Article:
Australians now need a prescription to buy a vape under new ‘world-leading’ law

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While the U.S. languishes on e-cigarette reforms, Australia on Monday introduced some of the world’s most restrictive vaping laws as part of the global effort to combat what the World Health Organization calls an “alarming” rise in youth vaping. 

Effective immediately, the reforms prohibit the supply, manufacture, import, or sale of a vape device outside a pharmacy in Australia. The ban applies to all vapes regardless of whether they contain nicotine.

Under the new regulations, Australians must also have a prescription from their general practitioner to purchase a vape. At the pharmacy, they will have a limited choice of three flavors: menthol, tobacco, and mint, and will need to engage in a discussion with the pharmacist before making a purchase. 

The concentration of nicotine in these vapes will be controlled, and their packaging will be “pharmaceutical-like,” according to the bill. The law aims to address the “scourge” of recreational vaping, Mark Butler, the health minister, said in a statement.

“It is a public health menace, particularly for children and for young people,” Butler said. About 22% of 18-to-24 year-old Australians reported using e-cigarettes or vaping devices at least once, governmental data last year showed. Yet at least 61% of these vapers in a similar age group have expressed the desire to quit, according to The Associated Press.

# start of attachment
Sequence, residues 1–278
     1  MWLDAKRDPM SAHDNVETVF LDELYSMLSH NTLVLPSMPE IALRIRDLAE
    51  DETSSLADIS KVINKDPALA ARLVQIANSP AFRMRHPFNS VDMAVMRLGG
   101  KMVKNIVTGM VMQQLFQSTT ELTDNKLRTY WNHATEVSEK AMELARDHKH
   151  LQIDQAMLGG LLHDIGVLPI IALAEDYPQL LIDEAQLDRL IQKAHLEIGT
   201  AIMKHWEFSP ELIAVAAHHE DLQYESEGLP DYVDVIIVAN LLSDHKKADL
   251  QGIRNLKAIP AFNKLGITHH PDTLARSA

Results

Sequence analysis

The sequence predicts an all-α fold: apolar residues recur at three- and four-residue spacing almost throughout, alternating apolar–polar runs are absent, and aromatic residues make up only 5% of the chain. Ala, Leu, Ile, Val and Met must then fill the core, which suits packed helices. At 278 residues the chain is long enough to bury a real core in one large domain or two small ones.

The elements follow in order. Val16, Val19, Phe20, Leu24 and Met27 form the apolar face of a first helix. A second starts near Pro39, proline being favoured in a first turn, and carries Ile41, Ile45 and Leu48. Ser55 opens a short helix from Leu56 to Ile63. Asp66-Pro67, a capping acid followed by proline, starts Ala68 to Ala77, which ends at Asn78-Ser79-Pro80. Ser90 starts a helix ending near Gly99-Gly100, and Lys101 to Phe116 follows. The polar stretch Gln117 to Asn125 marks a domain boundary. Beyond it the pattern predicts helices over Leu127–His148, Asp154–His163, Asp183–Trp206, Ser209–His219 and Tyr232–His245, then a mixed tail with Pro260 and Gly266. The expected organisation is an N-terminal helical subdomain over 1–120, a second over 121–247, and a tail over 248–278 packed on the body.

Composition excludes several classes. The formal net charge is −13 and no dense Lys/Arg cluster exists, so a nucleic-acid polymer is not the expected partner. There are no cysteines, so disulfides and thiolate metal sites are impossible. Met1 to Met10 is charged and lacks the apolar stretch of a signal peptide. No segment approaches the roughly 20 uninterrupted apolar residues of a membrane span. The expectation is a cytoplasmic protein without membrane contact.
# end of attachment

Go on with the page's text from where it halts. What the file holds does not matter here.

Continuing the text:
The laws “will return vapes and e-cigarettes” to their intended purpose: a therapeutic remedy for smoking cessation, the health department said in the statement after the law passed. 

Why Australia’s approach is unique 

Many countries have moved recently to regulate their e-cigarette markets. As many as 121 countries or territories regulate electronic nicotine delivery systems, according to a 2023 WHO report. Of those nations, 33 have banned the sale or importation of vapes entirely, though e-cigarette black markets thrive in some of these countries, including India and Turkey. 

Australia’s prescription-based model is unique, but many of the nation’s other reforms have been replicated by its affluent peers. Australia banned disposable vapes starting Jan. 1, and the United Kingdom followed quickly, then went a step further, banning the sale of tobacco to anyone born in 2009 and after to create a “smoke-free generation.” 

In the U.S., regulations have moved much slower. The FDA has authorized only 27 tobacco– and menthol-flavored e-cigarette products and devices, largely from popular brands including NJOY and Vuse. Notably, other brands such as Juul, Lost Mary, and Elf Bar don’t make the list, and these vapes continue to be sold illegally. Chinese e-cigarette manufacturers also flout vape restrictions, making millions importing flavored disposable vapes into the American market. 

Last month, American politicians tore into top public health officials for not enforcing their own laws during a contentious hearing on youth vaping.